Plans for restoring The
Smiley Barn have been submitted to the city of Delafield
by Summit businesswoman Maria Luther.
DELAFIELD — The May 30th Plan Commission meeting is
likely to be unusual and possibly controversial.
Summit businesswoman Maria Luther says she will be
handing out “Smiley Barn” T-shirts and there will be
citizens supporting her efforts to put the smile back on
the iconic Smiley Barn building near the northwest
corner of the Hwy 83/Interstate-94 interchange.
decades, The Smiley Barn was a regional landmark for
both residents and travelers because of the big smile
painted on the barn-shaped building adjacent to the
the early 2000s, new owners of the building removed the
Luther recently purchased the building and has asked the
city’s permission to restore the big smile.
has a filed permit application that depicts a large pair
of eyes above a giant smile on the eastern and western
ends of the building that will be painted yellow.
thin aluminum eyes and smile will be painted a black
texture with white trim.
Next to the smile on the barn’s silo is a mural
depicting a giant candy jar. Luther is planning to open
a toy and candy store that will appropriately be called
“The Smiley Barn.”
“There is no point in naming it anything else because
everyone is going to be referring to it as The Smiley
Barn,” she told The Freeman.
However, city officials have to wrestle with some legal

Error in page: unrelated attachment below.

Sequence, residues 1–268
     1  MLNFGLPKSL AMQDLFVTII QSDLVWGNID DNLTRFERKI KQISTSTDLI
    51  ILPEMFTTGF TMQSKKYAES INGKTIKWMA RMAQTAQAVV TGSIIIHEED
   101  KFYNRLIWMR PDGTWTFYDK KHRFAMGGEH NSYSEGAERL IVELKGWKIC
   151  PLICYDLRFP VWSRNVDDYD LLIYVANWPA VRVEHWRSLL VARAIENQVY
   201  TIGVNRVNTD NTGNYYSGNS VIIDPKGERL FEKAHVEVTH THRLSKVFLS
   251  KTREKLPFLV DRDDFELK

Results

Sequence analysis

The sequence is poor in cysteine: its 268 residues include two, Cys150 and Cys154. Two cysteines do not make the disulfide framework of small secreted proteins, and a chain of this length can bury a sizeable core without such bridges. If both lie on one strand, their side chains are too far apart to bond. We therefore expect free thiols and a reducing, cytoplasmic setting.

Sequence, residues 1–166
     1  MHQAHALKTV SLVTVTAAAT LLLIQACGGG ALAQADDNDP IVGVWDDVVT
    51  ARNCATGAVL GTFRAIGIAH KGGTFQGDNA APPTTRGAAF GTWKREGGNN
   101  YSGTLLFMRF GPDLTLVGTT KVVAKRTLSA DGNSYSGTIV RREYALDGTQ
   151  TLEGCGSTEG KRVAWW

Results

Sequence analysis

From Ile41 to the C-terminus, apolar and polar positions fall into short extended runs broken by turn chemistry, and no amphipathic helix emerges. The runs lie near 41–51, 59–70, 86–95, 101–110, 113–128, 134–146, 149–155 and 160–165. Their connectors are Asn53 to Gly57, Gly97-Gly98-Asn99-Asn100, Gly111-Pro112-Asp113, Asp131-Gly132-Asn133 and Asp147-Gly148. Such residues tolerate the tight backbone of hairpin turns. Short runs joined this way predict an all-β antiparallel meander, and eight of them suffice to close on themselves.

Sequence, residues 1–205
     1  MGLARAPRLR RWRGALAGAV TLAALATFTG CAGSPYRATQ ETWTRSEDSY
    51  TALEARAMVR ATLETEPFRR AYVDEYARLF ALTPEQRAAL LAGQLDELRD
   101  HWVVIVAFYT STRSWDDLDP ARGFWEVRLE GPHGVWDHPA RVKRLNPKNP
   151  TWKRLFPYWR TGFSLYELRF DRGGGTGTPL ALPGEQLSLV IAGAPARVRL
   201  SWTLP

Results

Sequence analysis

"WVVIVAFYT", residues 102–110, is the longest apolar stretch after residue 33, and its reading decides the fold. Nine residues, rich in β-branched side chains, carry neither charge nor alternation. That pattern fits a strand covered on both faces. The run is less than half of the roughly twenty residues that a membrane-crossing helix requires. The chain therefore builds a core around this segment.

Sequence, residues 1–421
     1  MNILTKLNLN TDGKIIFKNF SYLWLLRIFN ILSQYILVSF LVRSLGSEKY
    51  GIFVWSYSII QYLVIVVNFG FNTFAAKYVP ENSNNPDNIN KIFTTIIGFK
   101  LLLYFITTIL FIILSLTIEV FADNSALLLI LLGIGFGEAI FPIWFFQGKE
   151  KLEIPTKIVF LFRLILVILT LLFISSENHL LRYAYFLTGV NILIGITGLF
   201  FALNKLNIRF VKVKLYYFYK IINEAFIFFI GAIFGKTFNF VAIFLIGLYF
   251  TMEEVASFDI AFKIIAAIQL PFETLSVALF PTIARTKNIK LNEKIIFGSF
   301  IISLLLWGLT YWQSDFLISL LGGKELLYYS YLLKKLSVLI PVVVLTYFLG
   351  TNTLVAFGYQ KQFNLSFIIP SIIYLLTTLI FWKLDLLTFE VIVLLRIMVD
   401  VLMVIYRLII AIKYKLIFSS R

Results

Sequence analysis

issues before determining whether to allow the smile to
be restored to the building.
city code restricts the size of advertising based on the
square footage of the building upon which the sign is
giant smile is considered advertising signage and is
larger than the code permits, according to City Planner
Dupler said the Common Council will have to grant an
exemption to the code to permit the smile’s restoration.
Plan Commission will have an opportunity to make a
recommendation since it reviews controversial signage
proposals. For the past month, Luther has mounted a
social media and petition campaign soliciting support
from city residents to have the smile restored to The
Past and present city officials cannot explain how the
original smile was approved although there is some
speculation that the sign was erected before the city
imposed existing signage regulations.
city enforces its zoning and building codes based on
complaints and no one apparently ever complained about
the cheerful sign.
Plan Commission and Common Council will be considering
whether to grant an exemption for the smile at about the
same time they are considering whether to waive city
regulations on new downtown buildings.
Hendricks Commercial Properties wants to build two
four-and-a-half story buildings on the northwest corner
of Main and Genesee streets.
the city adopts the proposed plans, the council will
have to waive code restrictions on the height of the
buildings, the number of floors and the distance the
buildings are set back from sidewalks.
Similar code exemptions were granted for the
construction of Delafield Square in 2006, which is on
the southwest corner of the intersection.